While Roy Moore’s failed Alabama Senate campaign may have resulted in the loss of a GOP Senate seat, Senate establishment Republicans nevertheless breathe a sigh of relief. As allegations of sexual misconduct began to unfold, Senate Republicans started to distance themselves from the potential of a party deadweight in future elections.
With clear calls for withdrawal having come from all but three Senate Republicans¹, many Republican Senators are fruitlessly blaming the seat loss on Moore’s poor performance as a candidate. The problem with putting the blame on poor campaigning is that it completely negates how a candidate like Roy Moore actually managed to get all the way to the general election in the first place. In order to understand how the GOP could fail in quite possibly the reddest state in the Union, spectators need only to look back on September’s Alabama GOP primary.
This week’s midterm profile takes a look at Ohio’s Senior Senator, Sherrod Brown, the populist Democrat from Mansfield.
With Josh Mandel essentially being a shoo-in inside the GOP primary, Democrats nationwide are skeptical of Brown’s ability to keep up with his young opponent, whom he beat in the last election by a margin of six points.
Even though Brown comes from a state that Trump won in by a sizeable margin, his consistent fiscal policy and bipartisan work sets him apart from many Senate Democrats. When it came to Ohio and the Democratic firewall states in last year’s election, it was Democrats of a more liberal and seemingly distanced brand that led dissatisfied independents to go the Trump route.
Sherrod Brown definitely is not the polar opposite of Trump-voting Republicans. He opposed NAFTA when he served in the House and voiced dissent regarding the Trans-Pacific Partnership during the Obama White House.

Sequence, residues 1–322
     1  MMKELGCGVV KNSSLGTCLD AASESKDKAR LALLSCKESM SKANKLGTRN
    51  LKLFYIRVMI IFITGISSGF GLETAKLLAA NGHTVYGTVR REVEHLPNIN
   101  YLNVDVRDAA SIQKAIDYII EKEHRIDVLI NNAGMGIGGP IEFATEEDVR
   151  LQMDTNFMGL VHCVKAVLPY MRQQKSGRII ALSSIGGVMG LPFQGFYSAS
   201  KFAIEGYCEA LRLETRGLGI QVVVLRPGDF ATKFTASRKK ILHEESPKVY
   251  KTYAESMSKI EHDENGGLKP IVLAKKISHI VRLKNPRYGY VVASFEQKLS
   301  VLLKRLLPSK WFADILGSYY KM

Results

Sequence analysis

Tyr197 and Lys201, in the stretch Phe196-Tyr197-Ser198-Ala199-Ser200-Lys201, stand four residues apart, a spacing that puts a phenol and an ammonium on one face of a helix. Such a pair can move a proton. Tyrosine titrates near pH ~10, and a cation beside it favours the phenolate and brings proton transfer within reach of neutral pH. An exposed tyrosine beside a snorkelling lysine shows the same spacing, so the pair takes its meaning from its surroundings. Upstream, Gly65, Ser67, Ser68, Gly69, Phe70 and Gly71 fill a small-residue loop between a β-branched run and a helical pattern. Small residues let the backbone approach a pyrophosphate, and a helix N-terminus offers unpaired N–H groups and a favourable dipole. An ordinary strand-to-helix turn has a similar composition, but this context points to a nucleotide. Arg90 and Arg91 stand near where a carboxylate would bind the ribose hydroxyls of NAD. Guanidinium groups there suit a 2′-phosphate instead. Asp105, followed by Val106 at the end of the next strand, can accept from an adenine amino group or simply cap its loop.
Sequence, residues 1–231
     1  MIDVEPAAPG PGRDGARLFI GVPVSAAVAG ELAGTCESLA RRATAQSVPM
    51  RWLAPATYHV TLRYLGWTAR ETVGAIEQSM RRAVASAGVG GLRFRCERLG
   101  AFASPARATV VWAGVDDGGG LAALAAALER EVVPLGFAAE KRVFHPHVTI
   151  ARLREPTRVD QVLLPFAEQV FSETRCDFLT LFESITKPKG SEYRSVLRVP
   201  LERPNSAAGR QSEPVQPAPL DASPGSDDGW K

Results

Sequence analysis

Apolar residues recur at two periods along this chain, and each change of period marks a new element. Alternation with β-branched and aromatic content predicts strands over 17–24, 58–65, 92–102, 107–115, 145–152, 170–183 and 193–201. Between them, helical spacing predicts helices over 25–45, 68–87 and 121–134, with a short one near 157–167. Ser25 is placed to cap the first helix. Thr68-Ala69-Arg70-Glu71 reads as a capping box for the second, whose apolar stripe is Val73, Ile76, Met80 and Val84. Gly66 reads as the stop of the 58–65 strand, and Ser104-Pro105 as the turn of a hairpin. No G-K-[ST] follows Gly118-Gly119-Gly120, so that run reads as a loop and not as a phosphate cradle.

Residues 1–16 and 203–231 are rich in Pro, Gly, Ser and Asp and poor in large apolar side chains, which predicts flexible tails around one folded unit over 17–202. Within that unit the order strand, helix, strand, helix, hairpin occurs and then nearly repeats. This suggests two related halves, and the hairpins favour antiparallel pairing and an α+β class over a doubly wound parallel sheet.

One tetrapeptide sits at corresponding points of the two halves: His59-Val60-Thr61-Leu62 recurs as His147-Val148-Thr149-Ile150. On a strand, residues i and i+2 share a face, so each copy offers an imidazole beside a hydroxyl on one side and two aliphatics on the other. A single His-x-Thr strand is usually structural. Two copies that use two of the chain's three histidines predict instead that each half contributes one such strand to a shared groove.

Unlike Trump, Brown has remained consistent in this shared regard—eager to point out the Trump White House’s dependence on corporate America, calling the White House “a retreat for Goldman Sachs executives.”
All in all, I’d say that Democrats ought to pay more attention to the races of Michigan’s Debbie Stabenow, Montana’s Jon Tester, and Missouri’s Claire McCaskill. I’d go as far as to say that taking up a more populist platform and attitude like Brown’s might help them secure their seats.
The realm of Senatorial politics has long since been the talk of conspiracy theories. Heck, Senators have been involved in secretive societies all throughout the United States. From Washington’s Levi Ankeny on the Pacific to Rhode Island’s Robert Taft on the Atlantic, Senatorial history is clouded with the going-ons and workings of secretive societies all throughout America. I’ve taken an in-depth analysis of Senatorial patterns. I’ve come away with one huge takeaway—a takeaway that’s left me shaken to the core…
Sure, if you’re a C-SPAN nerd like myself and have been paying attention to Senate politics, you might have heard of Mike Enzi, Mike Crapo, Mike Rounds, Michael Bennet, and Mike Lee, but you probably never came to the realization that the states they represent form one contiguous body.
Coincidence? I think not.
Maybe there’s some secret political society aimed at electing Mikes to positions of power…
…Or maybe there’s just a slightly higher percentage of people named Mike in the American western interior.
In either case, President Trump better keep his eye on ol’ Mike Pence.